- By Emma Woollagott
- Business Reporter Technology
As Franco Fubini, founder of fruit and vegetable supplier Natura, notes, “Taste is undoubtedly a recurring trend.
You may be surprised that the taste is not in fashion.
But it can be hard to find really tasty fruits and vegetables due to the demands of supermarkets, he explains.
“They needed longer-lasting varieties. For example, for a tomato, it had to have a thicker skin so it would not split easily; ripening tomatoes could be faster, which is more absorbent to water.
“Over time you choose your varieties for properties other than taste. The taste characteristic begins to lose its relevance, and if you select other properties as desired by nature, the taste will disappear.”
Mr. Fubini’s company specializes in seasonal products selected for their taste and sells its products to high quality restaurants and stores around the world.
“Part of this renaissance comes from restaurants because chefs have great influence,” he says. “Both that and the trip sparked this renaissance of taste, the search for taste.”
Growers and researchers are at the forefront of this research, using sophisticated techniques to produce fruits and vegetables with all the flavors of traditional varieties – all of which delight supermarkets.
Harry Glee, a professor of horticultural science at the University of Florida, focuses on tomatoes and works to understand the chemical and genetic makeup of fruit and vegetable flavors.
“Tomato is a long-term model system for fruit growth. It has a short generation time, large genetic resources and [est] The most important economic crop in the world.
“Only the second plant species to receive a complete sequence of its genes – a great aid to studying the genetics of an organism.”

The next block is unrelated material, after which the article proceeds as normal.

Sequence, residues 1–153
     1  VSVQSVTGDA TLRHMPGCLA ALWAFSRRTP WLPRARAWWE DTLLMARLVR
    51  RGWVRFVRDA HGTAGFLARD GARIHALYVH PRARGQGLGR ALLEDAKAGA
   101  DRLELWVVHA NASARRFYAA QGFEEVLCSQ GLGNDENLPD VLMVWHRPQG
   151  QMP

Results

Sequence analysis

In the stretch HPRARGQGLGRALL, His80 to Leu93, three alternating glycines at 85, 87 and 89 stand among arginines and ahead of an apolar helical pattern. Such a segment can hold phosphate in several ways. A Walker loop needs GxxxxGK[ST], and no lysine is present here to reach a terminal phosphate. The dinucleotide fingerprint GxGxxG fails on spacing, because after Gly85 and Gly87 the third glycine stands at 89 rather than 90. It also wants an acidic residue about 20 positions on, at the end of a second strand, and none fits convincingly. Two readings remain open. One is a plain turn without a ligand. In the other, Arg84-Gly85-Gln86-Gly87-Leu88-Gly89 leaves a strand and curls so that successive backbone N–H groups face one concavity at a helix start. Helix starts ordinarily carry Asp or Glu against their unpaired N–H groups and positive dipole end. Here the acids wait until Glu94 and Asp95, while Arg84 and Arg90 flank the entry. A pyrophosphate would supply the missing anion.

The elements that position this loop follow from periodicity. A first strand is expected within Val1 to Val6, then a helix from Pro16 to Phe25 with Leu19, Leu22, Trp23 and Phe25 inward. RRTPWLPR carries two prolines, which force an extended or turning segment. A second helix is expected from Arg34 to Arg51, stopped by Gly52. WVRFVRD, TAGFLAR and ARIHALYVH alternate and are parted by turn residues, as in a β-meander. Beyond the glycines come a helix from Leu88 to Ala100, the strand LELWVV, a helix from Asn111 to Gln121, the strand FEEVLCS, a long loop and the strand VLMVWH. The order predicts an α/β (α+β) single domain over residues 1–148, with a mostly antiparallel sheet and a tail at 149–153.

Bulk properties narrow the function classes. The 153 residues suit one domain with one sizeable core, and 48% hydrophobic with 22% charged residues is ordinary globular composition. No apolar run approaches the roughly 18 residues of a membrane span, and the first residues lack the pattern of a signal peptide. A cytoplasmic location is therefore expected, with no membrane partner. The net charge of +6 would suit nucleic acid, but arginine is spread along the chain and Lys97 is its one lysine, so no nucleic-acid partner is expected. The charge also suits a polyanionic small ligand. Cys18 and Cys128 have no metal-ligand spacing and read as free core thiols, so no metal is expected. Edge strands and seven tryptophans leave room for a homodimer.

The taste of plants is a complex phenomenon. In the case of tomatoes, it is the result of interactions between a dozen volatile compounds derived from sugars, acids and amino acids, fatty acids and carotenoids.
Professor Glee wants to identify genes that control the synthesis of volatile compounds and use them to produce tasty tomatoes.
“We are not yet in the final stages of combining advanced taste properties in a single line, but we hope to get there within a year,” he says.
Genetic modification (GM) can be used to improve taste by importing genes from other species, but products made in this way are banned in most countries of the world.
However, other genetic manipulations are more widely accepted. American company Pairwise works on new varieties of fruits and vegetables using CRISPR gene-editing technology licensed from Harvard, Brad and Massachusetts General Hospital.
Like GMOs, CRISPR involves the mutation of genes within a plant, rather than taking them from other organisms.
“We make very small changes in one or two pieces of DNA,” says Heaven Baker, co-founder of FireWire.
Such genetic modification is considered “non-genetic” in most countries in North America, South America and Japan. However, in Europe, where genetic modification is highly controversial, it is considered genetically modified and is subject to strict control.